4. Tier 1 should maintain lower latency than lower Tier disk, as such, a lower congestion threshold is advisable to ensure optimal performance for virtual machines hosted on Tier 1
5. Virtual machines requiring significant I/O will not be significantly impacted by Storage I/O control (assuming the congestion threshold is reached) as other VMs requiring access to storage will be able to access storage (thanks to Storage I/O control) and complete any required I/O in a timely manner and once the I/O is completed, no longer impact performance at all.
6. Virtual Machine not accessing storage regularly will not impact the VMs accessing storage regularly as Storage I/O control only acts on VMs accessing storage concurrently.
7. Leaving VMs with the default share value decreases administrative overhead and prevents human error granting significantly higher (or lower) share values which may negatively impact performance for one or more VMs
1. When using Storage DRS with SIOC the Storage DRS I/O latency setting needs to be carefully considered. Setting these value below the SOIC values (assuming Manual latency values are set) is recommended to ensure Storage DRS can work towards evenly balancing the storage workload and improving overall performance & SIOC then can help ensure consistent performance by taking action when the congestion threshold is reached to minimize latency spikes.
1. For vSphere 5.1 environments use the “Automatic Latency Threshold” by selecting the “Percentage of Peak Throughput” and setting the percentage value to “90%”. This setting is designed to minimize the change of a misaligned congestion threshold being manually set, therefore potentially reducing the effectiveness of SIOC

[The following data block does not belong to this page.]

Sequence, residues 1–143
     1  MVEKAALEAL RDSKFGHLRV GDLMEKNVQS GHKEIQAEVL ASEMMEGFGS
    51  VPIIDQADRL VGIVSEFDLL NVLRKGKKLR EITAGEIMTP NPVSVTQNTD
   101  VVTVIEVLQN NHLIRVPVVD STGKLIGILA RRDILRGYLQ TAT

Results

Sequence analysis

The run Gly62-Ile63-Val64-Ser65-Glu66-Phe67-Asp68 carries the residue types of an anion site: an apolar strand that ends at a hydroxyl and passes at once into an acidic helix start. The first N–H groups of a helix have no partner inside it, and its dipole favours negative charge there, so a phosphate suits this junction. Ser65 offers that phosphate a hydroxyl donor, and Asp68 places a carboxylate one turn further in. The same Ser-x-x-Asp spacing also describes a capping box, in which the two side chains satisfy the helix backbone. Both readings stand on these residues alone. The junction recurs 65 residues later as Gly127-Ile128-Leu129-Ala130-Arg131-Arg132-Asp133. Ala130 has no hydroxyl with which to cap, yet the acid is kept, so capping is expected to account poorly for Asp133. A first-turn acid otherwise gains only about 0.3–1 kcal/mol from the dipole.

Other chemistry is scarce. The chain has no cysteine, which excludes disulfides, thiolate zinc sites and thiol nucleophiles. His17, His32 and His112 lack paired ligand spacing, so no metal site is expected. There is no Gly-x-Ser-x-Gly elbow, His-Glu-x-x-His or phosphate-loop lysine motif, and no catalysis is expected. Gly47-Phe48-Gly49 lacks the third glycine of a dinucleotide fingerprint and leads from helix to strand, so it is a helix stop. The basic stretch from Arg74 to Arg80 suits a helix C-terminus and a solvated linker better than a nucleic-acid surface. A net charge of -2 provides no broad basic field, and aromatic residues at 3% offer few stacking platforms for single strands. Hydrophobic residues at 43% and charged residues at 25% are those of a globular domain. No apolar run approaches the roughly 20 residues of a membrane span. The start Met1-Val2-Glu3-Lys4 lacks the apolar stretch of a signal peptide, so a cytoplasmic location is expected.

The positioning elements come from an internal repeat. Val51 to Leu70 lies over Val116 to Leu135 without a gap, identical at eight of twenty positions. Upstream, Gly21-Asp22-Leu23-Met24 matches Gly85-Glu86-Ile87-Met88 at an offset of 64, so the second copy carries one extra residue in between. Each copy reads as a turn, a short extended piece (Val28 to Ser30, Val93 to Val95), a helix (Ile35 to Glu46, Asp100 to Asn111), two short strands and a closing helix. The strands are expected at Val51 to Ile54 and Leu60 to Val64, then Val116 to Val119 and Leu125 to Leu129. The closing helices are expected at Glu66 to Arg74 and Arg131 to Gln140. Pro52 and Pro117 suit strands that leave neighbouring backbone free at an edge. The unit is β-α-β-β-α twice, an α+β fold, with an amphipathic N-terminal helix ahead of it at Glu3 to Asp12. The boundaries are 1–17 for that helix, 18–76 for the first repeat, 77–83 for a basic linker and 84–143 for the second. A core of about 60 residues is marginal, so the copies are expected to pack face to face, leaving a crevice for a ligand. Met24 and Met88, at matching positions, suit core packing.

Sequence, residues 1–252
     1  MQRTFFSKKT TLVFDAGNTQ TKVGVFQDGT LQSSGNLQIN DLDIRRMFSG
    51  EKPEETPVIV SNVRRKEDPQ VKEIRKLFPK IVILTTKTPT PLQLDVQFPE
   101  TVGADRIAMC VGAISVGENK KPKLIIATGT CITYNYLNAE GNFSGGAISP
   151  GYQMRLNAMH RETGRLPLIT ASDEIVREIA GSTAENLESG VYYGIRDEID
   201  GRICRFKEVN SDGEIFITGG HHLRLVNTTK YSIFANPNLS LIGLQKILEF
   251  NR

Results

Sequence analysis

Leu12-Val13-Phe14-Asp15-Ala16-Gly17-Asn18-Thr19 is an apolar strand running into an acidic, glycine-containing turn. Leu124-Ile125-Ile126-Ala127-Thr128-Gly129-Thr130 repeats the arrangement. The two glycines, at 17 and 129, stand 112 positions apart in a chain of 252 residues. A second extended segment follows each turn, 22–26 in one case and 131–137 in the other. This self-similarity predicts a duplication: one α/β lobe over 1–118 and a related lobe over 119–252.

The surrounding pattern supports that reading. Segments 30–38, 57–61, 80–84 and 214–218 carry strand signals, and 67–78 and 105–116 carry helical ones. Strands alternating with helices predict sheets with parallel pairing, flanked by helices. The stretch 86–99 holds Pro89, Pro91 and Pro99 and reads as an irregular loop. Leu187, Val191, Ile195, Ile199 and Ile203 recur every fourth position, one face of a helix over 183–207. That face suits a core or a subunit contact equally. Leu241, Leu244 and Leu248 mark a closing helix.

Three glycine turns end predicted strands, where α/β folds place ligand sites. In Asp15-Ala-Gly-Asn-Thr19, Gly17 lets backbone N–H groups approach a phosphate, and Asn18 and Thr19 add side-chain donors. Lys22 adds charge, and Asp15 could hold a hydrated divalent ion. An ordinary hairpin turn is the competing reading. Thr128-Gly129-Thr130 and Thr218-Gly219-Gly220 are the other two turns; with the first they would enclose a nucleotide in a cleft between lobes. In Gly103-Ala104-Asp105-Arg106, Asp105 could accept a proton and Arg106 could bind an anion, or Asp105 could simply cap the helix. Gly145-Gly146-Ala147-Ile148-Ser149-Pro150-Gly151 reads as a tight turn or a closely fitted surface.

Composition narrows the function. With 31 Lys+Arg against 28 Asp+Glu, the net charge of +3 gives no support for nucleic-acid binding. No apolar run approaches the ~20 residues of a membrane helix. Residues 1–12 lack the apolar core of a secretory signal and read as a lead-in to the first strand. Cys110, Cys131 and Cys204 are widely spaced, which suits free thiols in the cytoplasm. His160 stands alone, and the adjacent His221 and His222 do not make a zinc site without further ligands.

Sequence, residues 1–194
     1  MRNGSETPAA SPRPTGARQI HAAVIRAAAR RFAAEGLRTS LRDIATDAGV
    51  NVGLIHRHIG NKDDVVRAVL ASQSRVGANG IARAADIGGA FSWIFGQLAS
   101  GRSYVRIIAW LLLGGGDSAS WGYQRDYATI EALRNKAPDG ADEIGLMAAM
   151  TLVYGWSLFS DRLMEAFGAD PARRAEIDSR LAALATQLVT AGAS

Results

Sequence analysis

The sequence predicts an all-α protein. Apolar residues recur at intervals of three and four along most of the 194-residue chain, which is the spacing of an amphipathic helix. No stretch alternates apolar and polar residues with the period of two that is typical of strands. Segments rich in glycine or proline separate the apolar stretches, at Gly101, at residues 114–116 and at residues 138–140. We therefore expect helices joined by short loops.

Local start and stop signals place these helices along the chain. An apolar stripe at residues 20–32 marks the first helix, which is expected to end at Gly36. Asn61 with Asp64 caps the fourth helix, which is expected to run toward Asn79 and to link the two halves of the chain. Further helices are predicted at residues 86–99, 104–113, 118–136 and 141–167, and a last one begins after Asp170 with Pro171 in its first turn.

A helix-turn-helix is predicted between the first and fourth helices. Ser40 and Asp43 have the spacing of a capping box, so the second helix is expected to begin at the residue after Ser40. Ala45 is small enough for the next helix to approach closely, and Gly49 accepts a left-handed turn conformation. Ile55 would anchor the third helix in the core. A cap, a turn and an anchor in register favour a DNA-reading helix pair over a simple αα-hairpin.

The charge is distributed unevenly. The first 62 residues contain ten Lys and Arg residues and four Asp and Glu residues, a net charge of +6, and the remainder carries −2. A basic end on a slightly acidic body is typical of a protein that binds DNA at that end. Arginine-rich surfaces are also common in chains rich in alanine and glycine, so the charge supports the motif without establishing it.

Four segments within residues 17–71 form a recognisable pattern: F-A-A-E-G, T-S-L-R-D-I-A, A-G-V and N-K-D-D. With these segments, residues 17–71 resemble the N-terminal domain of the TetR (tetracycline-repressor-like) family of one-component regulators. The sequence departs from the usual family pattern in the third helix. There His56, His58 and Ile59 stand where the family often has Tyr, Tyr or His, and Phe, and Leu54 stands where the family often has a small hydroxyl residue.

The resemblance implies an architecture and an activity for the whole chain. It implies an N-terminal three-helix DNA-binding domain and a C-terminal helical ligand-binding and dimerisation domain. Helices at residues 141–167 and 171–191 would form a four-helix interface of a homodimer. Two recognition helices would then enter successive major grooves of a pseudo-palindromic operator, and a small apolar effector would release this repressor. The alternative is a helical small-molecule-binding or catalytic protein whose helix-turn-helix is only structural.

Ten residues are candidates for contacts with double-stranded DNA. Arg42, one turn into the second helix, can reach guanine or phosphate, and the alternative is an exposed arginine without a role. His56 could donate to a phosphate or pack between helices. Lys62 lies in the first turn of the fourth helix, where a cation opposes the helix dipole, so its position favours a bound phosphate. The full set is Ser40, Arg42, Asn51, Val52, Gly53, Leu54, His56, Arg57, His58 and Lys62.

2. Not enable Storage I/O control
3. Enable Storage I/O control and set higher than default share values on critical VMs
What is the most suitable network adapter load balancing policy to be configured on the vSwitch & dvSwitch/es where 10Gb adapters are being used for dvSwitches and 1Gb for vSwitch which is only used for ESXi management traffic?
1. vSphere 4.1 or later
1. Ensure optimal performance and redundancy for the network
2. Simplify the solution without compromising performance for functionality
Use “Route based on physical NIC load” for Distributed Virtual switches and “Route based on originating port ID” for vSwitches.
1. Route based on physical NIC load achieves both availability and performance
2. Requires only a basic switch configuration (802.1q and the required VLANs tagged)
3. Where a single pNIC’s utilization exceeds 75% the “route based on physical NIC load” will dynamically balance workloads to ensure the best possible performance
1. If NFS IP storage is used with a single VMKernel it will not use both connections concurrently. If using multiple 10GB connections for NFS traffic is required then two or more VLANs should be created with one VMK per VLAN. If only one VMK is used, the only option if you want traffic to go down multiple uplinks would be to use “Route based on IP hash” and have Etherchannel configured on the physical switch.
1. Route based on the originating port ID
Pros: Chooses an uplink based on the virtual port where the traffic entered the virtual switch. The virtual machine outbound traffic is mapped to a specific physical NIC based on the ID of the virtual port to which this virtual machine is connected. This method is simple and fast, and does not require the VMkernel to examine the frame for necessary information.
Cons: When the load is distributed in the NIC team using the port-based method, no virtual machine single-NIC will ever get more bandwidth than can be provided by a single physical adapter.
2. Route based on IP hash.